Asia-Pacific Roundup: TGA updates uniform recall procedure

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| 05 July 2022 | By Nick Paul Taylor 

Two key changes highlight the updated version 2.3 of the uniform recall procedure from Australia’s Therapeutic Goods Administration (TGA) – the removal of a section on crisis management guidelines and the addition of details on what the agency expects to receive in relation to recalls.
 
Deletion of the section on crisis management guidelines is notable. In version 2.2, TGA urged sponsors to implement the guidelines “as quickly as possible and ensure that appropriate personnel are trained in their operation.” The Australian Self Medication Industry developed the text in collaboration with TGA and other organizations. A version of the guidelines, published in 2017, is still available online but TGA no longer includes it in the information about immediate recalls.
 
TGA also has added to the list of information that sponsors should provide to the agency. The list now features the names and locations of customers who received the affected therapeutic goods. TGA wants sponsors to list each impacted site if a customer has distributed the goods to multiple locations. The agency wants sponsors to list the name and location of each customer in a spreadsheet that also states the number of goods supplied to each buyer and features comments such as “retail pharmacy.”
 
TGA also has changed a section on submitting recall information. The guidance still advises sponsors to submit information through the TGA Business Services (TBS) portal but now provides additional details of the implications of that recommendation. TGA has clarified that all sponsors, regardless of whether they already have a client identification number or are yet to submit a recall notice, should use TBS. The new guide also includes a link to information about getting started on the portal.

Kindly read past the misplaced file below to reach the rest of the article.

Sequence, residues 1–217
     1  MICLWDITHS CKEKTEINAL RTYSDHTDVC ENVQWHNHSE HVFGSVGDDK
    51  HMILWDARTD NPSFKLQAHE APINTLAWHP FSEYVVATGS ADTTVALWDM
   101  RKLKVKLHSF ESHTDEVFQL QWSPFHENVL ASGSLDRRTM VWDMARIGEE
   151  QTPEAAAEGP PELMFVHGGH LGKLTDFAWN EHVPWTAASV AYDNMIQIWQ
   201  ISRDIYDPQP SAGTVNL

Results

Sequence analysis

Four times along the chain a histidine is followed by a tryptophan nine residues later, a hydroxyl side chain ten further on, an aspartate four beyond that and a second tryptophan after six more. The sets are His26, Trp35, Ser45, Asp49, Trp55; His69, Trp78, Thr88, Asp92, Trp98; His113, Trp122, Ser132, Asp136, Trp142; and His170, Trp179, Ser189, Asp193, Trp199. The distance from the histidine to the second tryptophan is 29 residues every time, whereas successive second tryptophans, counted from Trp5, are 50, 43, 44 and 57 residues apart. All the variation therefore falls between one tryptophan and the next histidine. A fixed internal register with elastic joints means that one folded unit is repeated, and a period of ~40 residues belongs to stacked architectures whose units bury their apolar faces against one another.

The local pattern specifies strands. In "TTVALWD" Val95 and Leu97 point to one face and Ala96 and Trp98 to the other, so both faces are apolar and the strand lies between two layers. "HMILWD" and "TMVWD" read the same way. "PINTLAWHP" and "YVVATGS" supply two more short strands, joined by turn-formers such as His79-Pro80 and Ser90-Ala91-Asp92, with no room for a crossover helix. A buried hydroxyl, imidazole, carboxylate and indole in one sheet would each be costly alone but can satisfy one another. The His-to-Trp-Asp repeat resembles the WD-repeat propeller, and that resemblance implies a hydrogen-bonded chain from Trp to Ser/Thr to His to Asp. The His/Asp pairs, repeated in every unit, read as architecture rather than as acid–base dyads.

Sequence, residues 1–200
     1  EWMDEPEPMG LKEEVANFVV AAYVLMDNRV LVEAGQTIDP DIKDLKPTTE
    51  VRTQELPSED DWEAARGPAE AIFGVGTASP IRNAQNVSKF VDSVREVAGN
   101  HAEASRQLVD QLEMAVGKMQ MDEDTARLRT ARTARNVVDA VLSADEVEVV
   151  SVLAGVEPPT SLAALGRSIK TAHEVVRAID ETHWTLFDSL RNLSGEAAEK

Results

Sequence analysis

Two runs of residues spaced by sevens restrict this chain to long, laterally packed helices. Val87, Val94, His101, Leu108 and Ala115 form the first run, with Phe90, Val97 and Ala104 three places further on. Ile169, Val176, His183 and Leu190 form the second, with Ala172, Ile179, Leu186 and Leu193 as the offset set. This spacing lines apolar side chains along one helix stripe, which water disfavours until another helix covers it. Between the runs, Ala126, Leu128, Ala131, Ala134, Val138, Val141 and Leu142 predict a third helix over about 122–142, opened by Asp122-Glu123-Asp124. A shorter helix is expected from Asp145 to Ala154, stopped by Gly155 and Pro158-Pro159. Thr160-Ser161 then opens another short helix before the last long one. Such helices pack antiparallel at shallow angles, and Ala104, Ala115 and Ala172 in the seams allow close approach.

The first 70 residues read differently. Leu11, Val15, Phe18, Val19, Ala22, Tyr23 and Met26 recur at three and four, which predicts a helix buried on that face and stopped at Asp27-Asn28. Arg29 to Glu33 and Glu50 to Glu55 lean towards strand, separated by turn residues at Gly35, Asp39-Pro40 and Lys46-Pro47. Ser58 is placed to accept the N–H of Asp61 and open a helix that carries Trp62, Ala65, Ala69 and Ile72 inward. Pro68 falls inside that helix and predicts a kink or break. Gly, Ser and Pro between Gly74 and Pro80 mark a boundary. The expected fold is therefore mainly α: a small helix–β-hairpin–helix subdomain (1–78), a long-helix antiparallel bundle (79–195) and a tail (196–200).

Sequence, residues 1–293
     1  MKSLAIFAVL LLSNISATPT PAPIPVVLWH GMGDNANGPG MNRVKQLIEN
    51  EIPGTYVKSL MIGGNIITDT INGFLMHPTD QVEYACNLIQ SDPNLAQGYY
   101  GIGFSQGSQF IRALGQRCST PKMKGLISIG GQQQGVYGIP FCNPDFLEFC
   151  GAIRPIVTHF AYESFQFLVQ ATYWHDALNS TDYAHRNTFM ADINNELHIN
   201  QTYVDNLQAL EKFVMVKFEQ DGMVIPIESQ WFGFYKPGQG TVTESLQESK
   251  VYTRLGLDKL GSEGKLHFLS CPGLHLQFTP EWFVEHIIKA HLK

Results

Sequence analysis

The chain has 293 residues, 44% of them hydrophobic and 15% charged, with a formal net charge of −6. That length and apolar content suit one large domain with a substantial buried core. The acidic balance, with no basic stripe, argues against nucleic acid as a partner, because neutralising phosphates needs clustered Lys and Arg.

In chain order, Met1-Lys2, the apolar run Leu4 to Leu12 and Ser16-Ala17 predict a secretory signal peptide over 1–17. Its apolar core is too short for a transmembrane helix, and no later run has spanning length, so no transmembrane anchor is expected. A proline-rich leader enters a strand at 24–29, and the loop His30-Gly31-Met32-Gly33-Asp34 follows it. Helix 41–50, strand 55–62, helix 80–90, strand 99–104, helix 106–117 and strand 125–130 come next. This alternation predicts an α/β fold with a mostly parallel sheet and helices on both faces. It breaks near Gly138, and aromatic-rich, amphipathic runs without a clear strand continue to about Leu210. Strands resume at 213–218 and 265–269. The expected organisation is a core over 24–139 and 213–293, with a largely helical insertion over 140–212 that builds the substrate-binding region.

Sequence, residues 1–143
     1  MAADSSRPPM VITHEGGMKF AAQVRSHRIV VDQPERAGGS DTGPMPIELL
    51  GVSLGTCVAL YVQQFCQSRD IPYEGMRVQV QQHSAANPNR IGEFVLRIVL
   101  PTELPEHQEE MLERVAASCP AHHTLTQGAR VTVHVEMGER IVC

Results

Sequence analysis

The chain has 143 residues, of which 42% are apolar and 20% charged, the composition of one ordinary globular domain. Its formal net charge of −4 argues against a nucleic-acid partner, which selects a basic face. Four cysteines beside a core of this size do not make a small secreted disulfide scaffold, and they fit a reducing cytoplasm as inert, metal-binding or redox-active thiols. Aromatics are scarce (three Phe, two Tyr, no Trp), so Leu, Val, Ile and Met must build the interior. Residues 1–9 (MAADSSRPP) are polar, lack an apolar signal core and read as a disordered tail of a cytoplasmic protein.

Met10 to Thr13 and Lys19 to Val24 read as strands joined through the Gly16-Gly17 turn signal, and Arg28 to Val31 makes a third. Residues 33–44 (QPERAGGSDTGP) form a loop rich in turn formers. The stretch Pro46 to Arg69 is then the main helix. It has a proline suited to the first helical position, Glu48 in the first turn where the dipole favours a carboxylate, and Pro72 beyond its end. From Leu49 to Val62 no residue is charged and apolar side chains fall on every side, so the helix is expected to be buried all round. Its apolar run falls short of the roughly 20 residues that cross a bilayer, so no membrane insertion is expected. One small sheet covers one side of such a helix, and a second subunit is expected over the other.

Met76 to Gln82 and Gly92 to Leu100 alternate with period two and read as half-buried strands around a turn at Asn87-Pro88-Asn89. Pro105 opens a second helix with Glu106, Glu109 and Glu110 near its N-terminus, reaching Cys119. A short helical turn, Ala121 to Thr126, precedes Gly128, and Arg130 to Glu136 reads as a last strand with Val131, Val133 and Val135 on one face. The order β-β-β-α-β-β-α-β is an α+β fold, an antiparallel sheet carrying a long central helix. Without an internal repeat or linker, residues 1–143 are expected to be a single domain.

The changes follow a shift in TGA’s acceptance of information via email. In version 2.2, TGA said sponsors could email recall information until the end of June 2020. While that deadline has passed, TGA will still accept email notification but only under “exceptional” circumstances or if a sponsor cannot access TBS.
 
Other changes include the expansion of a section on the information sponsors should include in the final reports they submit, which typically happens three months after the implementation of a recall. Previously, TGA said the report should include a root cause analysis of what led to the recall and proposed corrective and preventive actions (CAPA) to stop the issue from happening again.
 
In version 2.3, TGA has expanded on the recommendations, advising sponsors to submit information on the root cause that addresses “the fundamental reason why the problem occurred, or the goods were defective and not reiterate the reason for the recall.”
 
TGA wants sponsors to go beyond terms such as “manufacturing defect” and “software issue” and thereby provide enough information to “adequately explain the case.” Similarly, TGA said terms such as “new design” and “software updated” are insufficient to explain the proposed CAPA. TGA will request additional information on “inadequate” responses.
 
TGA Guidance
 
Malaysia’s MDA establishes transitional period for new medical device labeling requirements
 
Malaysia’s Medical Device Authority (MDA) has published the fifth edition of its labeling requirements and given the industry until the end of the year to comply with the new rules.
 
The new document states medtech products “shall be labeled with Malaysian medical device registration number” within six months from the date of registration. MDA is encouraging the industry to use QR codes to indicate the medical device registration number. The guidance lists seven formats that companies can use for the registration number.